(Copyright 2002. The Tattoo. All rights reserved.)
Making a permanent impression since 1994
February 25, 2002
By Jacqui Moreau
The eight-spiked shoes, mandatory helmet, face shield, and chin guards indicate the danger of the sport. The athletes travel as much as 80 miles per hour on a metal sled down a mile-long track Ė on their stomachs.
What is this? Itís called skeleton.
Itís like a winter version of the X Games.
Skeleton is one of the most dangerous and unique Olympic events in history. So why hasnít anyone ever heard of it before?
Skeleton was founded in a Swiss town called St. Moritz in the late 1800s.
The metal frame of the sled apparently reminded the townspeople of a skeleton. Their nickname hasnít died after over 100 years.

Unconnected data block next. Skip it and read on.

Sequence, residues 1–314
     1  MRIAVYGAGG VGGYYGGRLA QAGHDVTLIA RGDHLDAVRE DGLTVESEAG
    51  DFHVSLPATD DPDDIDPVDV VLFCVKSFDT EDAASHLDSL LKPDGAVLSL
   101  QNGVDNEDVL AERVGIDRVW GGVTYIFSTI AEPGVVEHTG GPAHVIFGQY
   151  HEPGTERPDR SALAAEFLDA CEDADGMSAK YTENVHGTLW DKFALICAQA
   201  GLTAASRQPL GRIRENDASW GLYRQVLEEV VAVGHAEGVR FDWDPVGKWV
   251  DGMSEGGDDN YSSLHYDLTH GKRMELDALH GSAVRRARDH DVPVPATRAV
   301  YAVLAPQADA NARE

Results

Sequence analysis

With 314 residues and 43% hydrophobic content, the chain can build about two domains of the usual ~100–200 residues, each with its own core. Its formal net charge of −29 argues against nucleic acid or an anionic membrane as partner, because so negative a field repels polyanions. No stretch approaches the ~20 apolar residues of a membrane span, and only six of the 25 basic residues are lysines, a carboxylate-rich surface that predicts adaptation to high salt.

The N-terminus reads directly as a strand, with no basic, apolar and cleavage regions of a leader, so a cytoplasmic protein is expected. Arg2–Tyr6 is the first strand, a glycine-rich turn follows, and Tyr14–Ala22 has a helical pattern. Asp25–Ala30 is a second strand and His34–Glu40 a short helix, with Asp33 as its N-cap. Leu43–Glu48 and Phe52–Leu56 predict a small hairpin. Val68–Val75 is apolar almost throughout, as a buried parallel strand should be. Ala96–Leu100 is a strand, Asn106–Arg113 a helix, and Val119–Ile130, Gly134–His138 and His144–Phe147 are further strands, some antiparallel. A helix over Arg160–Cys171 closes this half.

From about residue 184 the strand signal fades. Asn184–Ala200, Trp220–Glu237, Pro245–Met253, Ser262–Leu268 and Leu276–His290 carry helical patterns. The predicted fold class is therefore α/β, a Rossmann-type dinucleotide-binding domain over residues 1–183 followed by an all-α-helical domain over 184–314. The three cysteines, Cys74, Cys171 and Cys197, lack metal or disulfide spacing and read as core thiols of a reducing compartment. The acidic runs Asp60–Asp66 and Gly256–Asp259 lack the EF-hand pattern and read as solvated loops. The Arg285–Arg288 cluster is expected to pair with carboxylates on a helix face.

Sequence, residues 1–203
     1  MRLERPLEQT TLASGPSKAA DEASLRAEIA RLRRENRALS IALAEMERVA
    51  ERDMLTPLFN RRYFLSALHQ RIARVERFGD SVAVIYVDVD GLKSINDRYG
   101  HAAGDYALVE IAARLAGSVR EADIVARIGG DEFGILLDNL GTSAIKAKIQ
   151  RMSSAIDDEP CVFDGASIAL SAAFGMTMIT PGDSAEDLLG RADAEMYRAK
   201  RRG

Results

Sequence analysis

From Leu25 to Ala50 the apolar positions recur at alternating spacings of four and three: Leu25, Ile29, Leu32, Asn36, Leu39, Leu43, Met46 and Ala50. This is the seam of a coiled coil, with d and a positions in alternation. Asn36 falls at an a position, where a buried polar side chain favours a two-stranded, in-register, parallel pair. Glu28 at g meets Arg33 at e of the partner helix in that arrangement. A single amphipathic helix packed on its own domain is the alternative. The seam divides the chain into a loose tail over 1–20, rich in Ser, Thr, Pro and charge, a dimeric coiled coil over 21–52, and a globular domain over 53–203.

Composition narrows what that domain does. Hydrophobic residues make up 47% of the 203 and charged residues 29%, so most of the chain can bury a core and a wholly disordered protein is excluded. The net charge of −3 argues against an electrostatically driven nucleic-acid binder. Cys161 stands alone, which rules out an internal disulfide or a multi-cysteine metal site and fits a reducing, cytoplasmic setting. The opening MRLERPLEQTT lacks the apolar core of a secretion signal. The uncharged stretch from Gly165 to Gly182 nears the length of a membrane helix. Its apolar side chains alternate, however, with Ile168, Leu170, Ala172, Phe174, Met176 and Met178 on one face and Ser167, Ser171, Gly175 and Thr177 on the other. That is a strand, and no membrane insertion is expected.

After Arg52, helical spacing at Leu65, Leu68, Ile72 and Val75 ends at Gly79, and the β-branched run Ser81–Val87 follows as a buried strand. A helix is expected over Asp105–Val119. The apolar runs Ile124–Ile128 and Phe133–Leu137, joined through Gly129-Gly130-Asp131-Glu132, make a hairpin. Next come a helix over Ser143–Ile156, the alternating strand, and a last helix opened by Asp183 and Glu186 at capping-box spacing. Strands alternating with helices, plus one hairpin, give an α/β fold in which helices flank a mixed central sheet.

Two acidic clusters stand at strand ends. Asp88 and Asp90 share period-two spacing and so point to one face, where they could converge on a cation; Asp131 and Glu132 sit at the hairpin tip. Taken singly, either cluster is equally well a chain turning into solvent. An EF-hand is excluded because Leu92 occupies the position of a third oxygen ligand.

Skeleton made its Olympic debut in 1928, but it wasnít seen again at the games until 1948.
The sport again lay dormant, this time for over 50 years, but is alive again in Salt Lake 2002. In fact, itís expanded: itís not just for boys anymore.
The United States shocked the world as Americans Jim Shea of the menís team, and Tristan Gail of the womenís team each won gold medals in Skeleton.
In the sporting world, Skeleton is on the cutting edge Ö
just like America.
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